The CAP-NM project is funded through the federal Health Resources and Services Administration (HRSA) and will have received $1.5 million by the end of two years.   Dr. Art Kaufman, Chair of Family and Community Medicine, is Principal Investigator of the project. Other community partners in CAP-NM include the NM Department of Health, First Choice Community Healthcare, Albuquerque Healthcare for the Homeless, the Indian Health Service and First Nations Healthsource.

 

In the first year, CAP-NM worked on establishing and sustaining an integrated health care delivery system across provider organizations to expand access and services for the uninsured and underinsured in Bernalillo, Sandoval, Torrance and Valencia counties.

The program has developed the concept of a "health commons" in which a variety of health and social services are located at a single clinical site ("one stop shopping"), bringing needed resources to local communities. 

Clinics have undergone redesign processes to increase efficiencies, and to increase clinic capacity to see more patients with the same resources.  Utilizing web-based technology, CAP-NM has created an Extranet system which allows sharing of patient information between previously incompatible MIS systems in order to share vital client information, eligibility determination, availability of primary care appointment slots, referrals, and consultative reports for safety net providers.  

A major success has been the development of a "Primary Care Dispatch" project, which was implemented to address the crisis of over crowded emergency rooms and too few hospital beds.  Emergency departments nationally are overcrowded, often on divert status, and treat patients who could more appropriately be seen in primary care settings.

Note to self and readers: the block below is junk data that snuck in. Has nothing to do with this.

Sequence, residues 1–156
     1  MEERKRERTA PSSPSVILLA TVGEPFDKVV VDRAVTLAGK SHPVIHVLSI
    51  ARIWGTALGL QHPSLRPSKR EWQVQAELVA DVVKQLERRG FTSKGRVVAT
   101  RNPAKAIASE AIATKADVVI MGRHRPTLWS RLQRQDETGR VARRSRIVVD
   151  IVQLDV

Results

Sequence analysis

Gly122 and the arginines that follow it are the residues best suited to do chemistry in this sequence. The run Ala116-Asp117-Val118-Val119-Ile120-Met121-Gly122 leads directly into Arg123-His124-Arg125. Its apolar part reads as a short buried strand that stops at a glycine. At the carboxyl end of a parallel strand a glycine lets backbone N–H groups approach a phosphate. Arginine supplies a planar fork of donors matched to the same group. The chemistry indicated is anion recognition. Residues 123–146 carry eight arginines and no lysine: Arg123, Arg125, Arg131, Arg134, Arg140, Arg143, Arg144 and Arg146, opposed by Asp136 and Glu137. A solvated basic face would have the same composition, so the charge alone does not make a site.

Now, patients being discharged from the University Hospital ER, without a primary care home can be scheduled from the ER, 24/7, for timely follow-up appointments at participating CAP-NM provider systems.  Patients are assigned to a clinic in their home neighborhood, where they establish their own PCP in a new "primary care home."   To date, more than 150 patients have been scheduled, with greater than a 70% show rate to their follow up appointments.

Plans for Year 2

Data shows that for indigent patients who are very high consumers of health resources, 70% of the underlying causes of their medical problems are social/behavioral, and 70% of the social/behavioral problems involve alcohol and substance abuse. 

With added assistance from the McCune Foundation, CAP-NM is helping link a variety of social agencies with CAP providers and with the private community to form a broader, Coordinated Systems of Care (CSC).  Building upon this broad, community coalition of services, a model of care has been adapted from the Coordinated Care Network of Pittsburgh, a sister CAP program.

Primary care/behavioral health/case management teams will be established to identify and track high users in our systems and to determine which community resources should be mobilized for those users.  CSC will train and employ community/lay health workers in partner systems, who will be prepared with skills in basic case management and behavioral health and who will serve as clinic and case management extenders into the community and homes of the neediest clients.  In partnership with New Mexico's Medicaid Salud!  Managed Care Organizations, CSC will evaluate whether its intensive, community-based case management and its access to a variety of health and social services can reduce the cost and improve the quality of care for a very high users in the Medicaid population.]

Lessons learned from the expanded health and social service partnerships developed through this major CAP-NM grant are being shared statewide and nationally.<p.

 

 


Contact: Cindy Foster, 272-3322